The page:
proto-image

Photo by Joseph Rodriguez

René Lopez moved his six family members into a two-bedroom apartment after being evicted from their home. The family still struggles to make ends meet, and at 58, Lopez is having a hard time getting back into the labor force.

Related: California reeling from the foreclosure crisis

Profiles: Large family makes do with less

Wednesday, July 20th, 2011 

The Investigative Reporting Workshop and New America Media profiled those hardest hit by the foreclosure crisis in communities of color.

PUBLISHED WITH
New America Media

LOS ANGELES — For René Lopez, it feels as if the world has collapsed. Or it might be more correct to say that the world has shrunk.

Shortly after losing his job in the jewelry district in downtown Los Angeles, Lopez fell behind on his mortgage payments, and the bank foreclosed on his three-bedroom home in East Los Angeles. He then paid thousands of dollars to alleged experts, who said they could help him recover the property.

He has not heard from them since they took his money.

Sitting at a table in his small apartment, Lopez recalled the day he was evicted from his house in early May.

"The sheriff's deputies arrived at about 10 a.m. and told us we could not stay in the house. They only gave us 15 minutes to get things of value," he said.

The locks on the doors were changed, and the house that he always thought he would leave to his children no longer belonged to him.

On the day of the eviction, he and his daughter, Xochitl, set about finding a new home. They managed to rent a small apartment in Montebello, 10 minutes from their former Westside Drive home.

Now the family has to resign itself to living in a two-bedroom apartment, shared by Lopez and his wife, their children, René and Xochitl, and her husband and two granddaughters, aged 3 and 7. Every morning, they take turns using the only bathroom.

Since they cannot accommodate all the furniture that they had in the house, they rented a storage space at an additional $100 per month.

"Thank God we're together and we were able to get out of this, but yes, we're squished,” said Lopez’ daughter Xochitl.

Her 7-year-old daughter understands what has happened.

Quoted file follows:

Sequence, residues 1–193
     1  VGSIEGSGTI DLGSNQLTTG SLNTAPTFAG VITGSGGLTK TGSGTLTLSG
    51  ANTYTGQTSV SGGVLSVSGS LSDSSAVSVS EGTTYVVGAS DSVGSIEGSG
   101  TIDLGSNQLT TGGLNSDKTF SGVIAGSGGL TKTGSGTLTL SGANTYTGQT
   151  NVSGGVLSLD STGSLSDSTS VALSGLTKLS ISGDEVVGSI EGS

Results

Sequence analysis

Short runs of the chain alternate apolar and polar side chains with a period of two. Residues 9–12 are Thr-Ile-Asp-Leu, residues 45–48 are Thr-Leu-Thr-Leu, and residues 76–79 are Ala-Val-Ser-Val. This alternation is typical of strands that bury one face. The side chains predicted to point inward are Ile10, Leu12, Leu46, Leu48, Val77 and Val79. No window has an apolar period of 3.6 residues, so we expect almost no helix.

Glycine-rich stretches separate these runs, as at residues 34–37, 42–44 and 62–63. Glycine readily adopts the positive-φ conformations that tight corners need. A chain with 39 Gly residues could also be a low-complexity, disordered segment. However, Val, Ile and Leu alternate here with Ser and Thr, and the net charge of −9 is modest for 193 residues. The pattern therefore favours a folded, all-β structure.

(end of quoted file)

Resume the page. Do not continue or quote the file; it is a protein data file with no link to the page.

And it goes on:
"We explained to her, we were deceived and lost the house. That's all we can say to her,” Xochitl said.

She still attends the same school as before — her parents have resisted separating her from her friends — but her 3-year-old sister still asks when they will return to the other house.

The family income is enough to pay the $1,100 rent for the apartment, but it is not easy to come up with the money for living expenses. Lopez's wife cleans houses three or four days a week. His son, Rene, and his son-in-law work in restaurants, but lately their work hours have been reduced.

Rene Sr., at 58, said it is not easy to get back into the labor force, especially in a county with nearly 600,000 unemployed people. And even though he lost his house, he still receives bills in the mail for the second mortgage of the property.

His mother just turned 82, but the hopes of a reunion with her in Oaxaca, México, are impossible until he makes more money.

"How can I tell her I'll go to visit, if I have nothing to take her?" he said.

Translated by Liz Gonzalez 

What Went Wrong

Donald Barlett and James Steele are revisiting America: What Went Wrong, their landmark 1991 newspaper series, in a new project with the Investigative Reporting Workshop. Over the next year, the project team will examine how four decades of public policy has shaped America's ongoing economic crisis.

Issues

Back Story

The authors talk about What Went Wrong

Donald Barlett and James Steele talk about the project, and why they decided to revisit a book they wrote two decades ago, in a series of video clips produced by the Workshop.

Nation's Story

Who pays the taxes?

Who pays the taxes?

We feature charts, maps, photos and other visualizations that reflect the state of the economy as part of our What Went Wrong project. This column chart shows the growing disparity between what individuals and corporations pay in taxes. In the 1950s, the difference was 22 percent. Recent figures show the difference is 62 percent.

Rags to rags: Economic mobility hard to come by

New Pew Center on States report confirms that moving up the American economic ladder is difficult, even though most people have more income than their parents.

Homelessness takes it toll on Florida's youngest

Florida, as a center of the housing boom, still struggles to recover from the Great Recession. Financial stresses and widespread foreclosures have placed families in precarious situations, resulting in a spike in child homelessness. Susannah Nesmith reports in the Broward Bulldog.

Older workers face challenges in Silicon Valley

An advanced degree and experience in the tech sector should be a ticket to a job in today's economy. But older workers in the heart of the new economy, Silicon Valley, are finding their resume is not the issue. Aaron Glantz reports in The Bay Citizen.

 Subscribe to the RSS Feed

Read an Excerpt

The Betrayal of the American Dream on Google Books

The Betrayal of the American Dream on Google Books

Check out the first chapter of Barlett and Steele's 2012 book here.